• $0 FX fees
  • Price matching
  • Financial coaching

However, KOHO premium has a 30-day free trial. This means you can enjoy free premium access in your first month of registration.

One of the drawbacks of this card is that you can only earn 2% cashback for groceries, transportation and restaurant spending.

Unfortunately, you can’t choose which spending categories you want to earn higher cash back on like some credit cards, like Tangerine Credit Card, lets you do.

Every other spending earns you 0.5% cash back. 

3. KOHO Credit Builder

Since KOHO Visa doesn’t improve credit scores, KOHO Credit Builder exists to fill the gap. This program helps build or rebuild your credit score by reporting your transactions to credit bureaus. 

build credit with KOHO credit builder

KOHO Credit Builder requires a $7 monthly fee deducted automatically from your spendable account. The program lasts six months, but you can renew your subscription if you don’t get the required results.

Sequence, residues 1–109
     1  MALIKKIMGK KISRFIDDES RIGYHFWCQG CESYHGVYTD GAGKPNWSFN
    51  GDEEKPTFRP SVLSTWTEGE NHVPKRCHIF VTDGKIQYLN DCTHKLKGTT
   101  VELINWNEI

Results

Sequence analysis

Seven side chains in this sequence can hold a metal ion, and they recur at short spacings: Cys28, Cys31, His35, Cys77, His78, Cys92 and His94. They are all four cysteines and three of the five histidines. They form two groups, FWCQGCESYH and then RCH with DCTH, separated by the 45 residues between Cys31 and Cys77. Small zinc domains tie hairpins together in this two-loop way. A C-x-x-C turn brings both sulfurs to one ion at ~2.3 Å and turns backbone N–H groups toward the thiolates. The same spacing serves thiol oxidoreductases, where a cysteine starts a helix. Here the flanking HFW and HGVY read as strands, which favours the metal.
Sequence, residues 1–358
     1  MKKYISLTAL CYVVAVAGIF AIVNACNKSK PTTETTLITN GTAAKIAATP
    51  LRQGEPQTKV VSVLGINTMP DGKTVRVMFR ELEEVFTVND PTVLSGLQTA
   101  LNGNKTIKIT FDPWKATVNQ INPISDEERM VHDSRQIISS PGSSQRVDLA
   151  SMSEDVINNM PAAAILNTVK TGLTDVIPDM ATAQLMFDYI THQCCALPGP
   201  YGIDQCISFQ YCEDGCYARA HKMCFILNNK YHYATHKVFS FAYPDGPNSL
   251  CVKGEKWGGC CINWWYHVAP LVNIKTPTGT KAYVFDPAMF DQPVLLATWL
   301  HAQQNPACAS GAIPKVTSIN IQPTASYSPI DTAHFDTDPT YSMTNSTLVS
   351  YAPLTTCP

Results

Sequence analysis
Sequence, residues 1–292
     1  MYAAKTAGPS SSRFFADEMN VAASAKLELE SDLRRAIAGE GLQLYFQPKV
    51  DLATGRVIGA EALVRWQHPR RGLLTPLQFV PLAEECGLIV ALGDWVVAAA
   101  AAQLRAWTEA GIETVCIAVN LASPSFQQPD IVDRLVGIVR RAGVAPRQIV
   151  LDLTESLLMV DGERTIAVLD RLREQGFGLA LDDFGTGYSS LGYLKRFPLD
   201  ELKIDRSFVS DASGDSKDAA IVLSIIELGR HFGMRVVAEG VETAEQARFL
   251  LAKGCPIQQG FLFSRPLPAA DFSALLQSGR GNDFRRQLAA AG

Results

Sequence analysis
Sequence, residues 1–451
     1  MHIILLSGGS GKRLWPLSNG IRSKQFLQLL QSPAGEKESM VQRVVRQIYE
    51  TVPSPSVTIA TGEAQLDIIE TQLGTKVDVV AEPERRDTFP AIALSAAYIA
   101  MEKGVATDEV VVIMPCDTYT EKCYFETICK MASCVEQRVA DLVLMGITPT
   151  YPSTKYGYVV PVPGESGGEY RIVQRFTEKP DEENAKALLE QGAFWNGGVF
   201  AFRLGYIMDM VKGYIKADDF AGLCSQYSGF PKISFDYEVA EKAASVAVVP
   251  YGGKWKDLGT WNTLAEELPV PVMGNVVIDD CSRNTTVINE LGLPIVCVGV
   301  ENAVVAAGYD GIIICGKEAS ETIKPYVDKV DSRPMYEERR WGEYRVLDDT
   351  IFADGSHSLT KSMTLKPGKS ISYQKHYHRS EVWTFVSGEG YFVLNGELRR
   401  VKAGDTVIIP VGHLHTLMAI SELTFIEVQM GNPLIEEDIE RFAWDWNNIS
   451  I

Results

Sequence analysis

This program is ideal for those that are not eligible for credit cards due to bad credit. Otherwise, it’s better to subscribe to a credit card that automatically reports your transactions to credit bureaus at no cost. 

Learn more: KOHO Credit Building Review


KOHO Financial Pros and Cons

KOHO Pros

  • High-interest savings account
  • No monthly fees on the KOHO’s regular prepaid Visa 
  • Automatically roundups purchase to the nearest dollar
  • Access to $100 ahead of payroll
  • Real-time data on spending habits 

KOHO Cons

  • Low cash back rate
  • No effect on credit score 
  • Limited account types – no registered accounts supported

Neo Financial vs KOHO 

So far, we have covered the main products offered by Neo Financial and KOHO.

The table below summarizes the similarities and differences between the two fintech companies at a glance.